Digital memory

I found myself distractedly fingering the place where the bra and bra strap meet the other day. As I waited for the light to change, I realized that I was subconsciously expecting to feel the bump of the breastfeeding clasp under my shirt, anticipating the release of the clasp.  But, alas, that bra is either packed away or was so full of holes it required more drastic action and its requirement is, for the time being at least, unnecessary.

Someone I know who grew up smoking, and finally quit after 20 years, told me once that for a good 15 years after quitting he still reached for his phantom pack in his breast pocket each and every time he got into his car.

I have found myself going to call a friend and stop myself from using a phone number that has been out of service for years.  I always marvel at how my fingers remember passwords that other parts of my brain cannot.  If I am forced to write down a password without a keyboard, I inevitably get it wrong.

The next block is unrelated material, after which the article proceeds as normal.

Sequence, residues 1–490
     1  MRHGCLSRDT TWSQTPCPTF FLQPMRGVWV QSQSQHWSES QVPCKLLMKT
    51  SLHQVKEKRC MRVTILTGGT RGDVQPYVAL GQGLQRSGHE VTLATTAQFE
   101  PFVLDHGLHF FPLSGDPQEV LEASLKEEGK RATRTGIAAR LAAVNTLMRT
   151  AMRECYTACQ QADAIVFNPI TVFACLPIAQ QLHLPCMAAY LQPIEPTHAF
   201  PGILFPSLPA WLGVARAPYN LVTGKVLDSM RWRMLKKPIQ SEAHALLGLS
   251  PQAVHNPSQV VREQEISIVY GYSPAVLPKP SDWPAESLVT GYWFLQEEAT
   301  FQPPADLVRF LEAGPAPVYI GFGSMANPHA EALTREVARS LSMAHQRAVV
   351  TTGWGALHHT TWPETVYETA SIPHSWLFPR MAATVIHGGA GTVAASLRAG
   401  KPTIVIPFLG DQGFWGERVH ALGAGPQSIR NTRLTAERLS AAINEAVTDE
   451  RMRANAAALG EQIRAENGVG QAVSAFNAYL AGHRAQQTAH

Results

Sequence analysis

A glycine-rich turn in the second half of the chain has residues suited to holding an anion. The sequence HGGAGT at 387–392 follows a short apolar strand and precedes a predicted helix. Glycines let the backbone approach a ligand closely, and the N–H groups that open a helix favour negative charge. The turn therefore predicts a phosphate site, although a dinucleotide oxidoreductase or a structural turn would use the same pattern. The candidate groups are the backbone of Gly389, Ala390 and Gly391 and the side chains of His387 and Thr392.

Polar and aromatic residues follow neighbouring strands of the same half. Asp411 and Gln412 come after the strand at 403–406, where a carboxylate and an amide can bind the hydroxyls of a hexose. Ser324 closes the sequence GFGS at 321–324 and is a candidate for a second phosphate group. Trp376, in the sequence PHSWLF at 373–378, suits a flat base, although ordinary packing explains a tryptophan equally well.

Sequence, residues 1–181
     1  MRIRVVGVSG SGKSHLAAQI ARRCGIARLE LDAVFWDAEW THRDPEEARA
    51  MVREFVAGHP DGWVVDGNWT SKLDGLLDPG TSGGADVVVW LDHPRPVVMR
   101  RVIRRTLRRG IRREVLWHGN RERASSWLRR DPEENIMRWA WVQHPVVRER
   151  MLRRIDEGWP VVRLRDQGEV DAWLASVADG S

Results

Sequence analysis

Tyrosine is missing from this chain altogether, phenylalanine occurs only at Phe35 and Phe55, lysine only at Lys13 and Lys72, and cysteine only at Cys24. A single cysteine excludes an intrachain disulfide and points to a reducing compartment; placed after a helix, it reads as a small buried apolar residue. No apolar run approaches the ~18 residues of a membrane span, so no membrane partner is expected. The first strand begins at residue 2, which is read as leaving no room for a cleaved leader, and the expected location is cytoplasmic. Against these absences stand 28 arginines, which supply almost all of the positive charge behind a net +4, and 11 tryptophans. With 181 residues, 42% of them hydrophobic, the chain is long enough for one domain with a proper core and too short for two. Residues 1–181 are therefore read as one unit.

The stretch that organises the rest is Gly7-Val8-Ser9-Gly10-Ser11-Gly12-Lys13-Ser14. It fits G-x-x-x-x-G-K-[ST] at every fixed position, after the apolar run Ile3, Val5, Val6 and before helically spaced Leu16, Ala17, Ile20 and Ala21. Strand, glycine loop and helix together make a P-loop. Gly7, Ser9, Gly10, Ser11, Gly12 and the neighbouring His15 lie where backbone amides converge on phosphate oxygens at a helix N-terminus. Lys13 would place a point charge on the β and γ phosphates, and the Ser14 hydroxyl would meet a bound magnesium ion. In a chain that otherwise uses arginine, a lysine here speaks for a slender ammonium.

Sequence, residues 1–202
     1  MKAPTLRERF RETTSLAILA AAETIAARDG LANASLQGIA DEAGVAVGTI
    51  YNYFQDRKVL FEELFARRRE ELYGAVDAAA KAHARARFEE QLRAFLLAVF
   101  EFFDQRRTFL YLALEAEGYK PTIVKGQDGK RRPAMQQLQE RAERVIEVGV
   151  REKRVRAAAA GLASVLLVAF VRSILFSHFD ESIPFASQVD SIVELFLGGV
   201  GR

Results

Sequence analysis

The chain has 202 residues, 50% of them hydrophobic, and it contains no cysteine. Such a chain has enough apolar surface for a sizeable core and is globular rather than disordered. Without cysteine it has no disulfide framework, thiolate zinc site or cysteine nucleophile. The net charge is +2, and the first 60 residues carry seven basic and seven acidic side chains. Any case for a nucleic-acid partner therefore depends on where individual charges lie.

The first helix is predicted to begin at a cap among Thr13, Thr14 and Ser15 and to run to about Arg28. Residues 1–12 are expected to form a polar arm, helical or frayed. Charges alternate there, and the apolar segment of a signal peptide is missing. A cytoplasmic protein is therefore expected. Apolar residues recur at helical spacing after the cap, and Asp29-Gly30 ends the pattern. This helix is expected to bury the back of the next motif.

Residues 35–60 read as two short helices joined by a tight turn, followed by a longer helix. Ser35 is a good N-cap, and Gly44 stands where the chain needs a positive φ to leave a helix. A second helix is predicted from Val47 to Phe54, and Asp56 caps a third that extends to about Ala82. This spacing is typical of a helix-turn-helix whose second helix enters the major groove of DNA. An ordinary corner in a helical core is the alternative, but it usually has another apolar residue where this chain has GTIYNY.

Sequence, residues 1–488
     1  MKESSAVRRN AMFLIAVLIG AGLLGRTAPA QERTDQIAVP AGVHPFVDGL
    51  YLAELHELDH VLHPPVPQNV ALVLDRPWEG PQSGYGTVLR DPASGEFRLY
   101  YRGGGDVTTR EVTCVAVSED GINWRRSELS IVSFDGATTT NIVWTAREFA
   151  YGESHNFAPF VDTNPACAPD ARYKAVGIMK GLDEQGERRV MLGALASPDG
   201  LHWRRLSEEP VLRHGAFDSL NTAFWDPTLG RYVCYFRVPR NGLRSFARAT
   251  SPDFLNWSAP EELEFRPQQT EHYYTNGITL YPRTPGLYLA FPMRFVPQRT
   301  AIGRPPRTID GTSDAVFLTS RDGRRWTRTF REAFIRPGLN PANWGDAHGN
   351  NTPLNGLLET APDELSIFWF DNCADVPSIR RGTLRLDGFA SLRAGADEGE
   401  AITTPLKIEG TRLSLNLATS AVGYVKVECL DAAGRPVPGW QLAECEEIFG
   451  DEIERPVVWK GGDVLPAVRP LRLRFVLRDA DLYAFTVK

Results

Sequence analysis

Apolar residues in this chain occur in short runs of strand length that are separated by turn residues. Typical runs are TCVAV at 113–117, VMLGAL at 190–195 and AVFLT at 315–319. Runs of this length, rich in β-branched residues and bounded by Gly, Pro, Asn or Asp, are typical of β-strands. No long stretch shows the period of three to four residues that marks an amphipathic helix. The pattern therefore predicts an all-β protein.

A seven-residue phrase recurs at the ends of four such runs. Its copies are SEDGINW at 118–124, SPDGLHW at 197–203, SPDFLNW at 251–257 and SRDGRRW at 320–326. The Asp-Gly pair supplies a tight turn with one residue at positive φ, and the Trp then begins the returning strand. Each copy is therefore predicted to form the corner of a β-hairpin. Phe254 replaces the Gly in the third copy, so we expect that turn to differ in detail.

The other day I tried to teach my daughter, upon her insistence, how to tie shoelaces.  I tried to do it logically, step-by-step but it was an exercise in frustration for both of us because I kept messing up.  Believe me, I can tie my shoes.  I do it everyday more than once without thinking, even a little.

But she wants to learn. She needs to learn.  I will find a way to remember another way.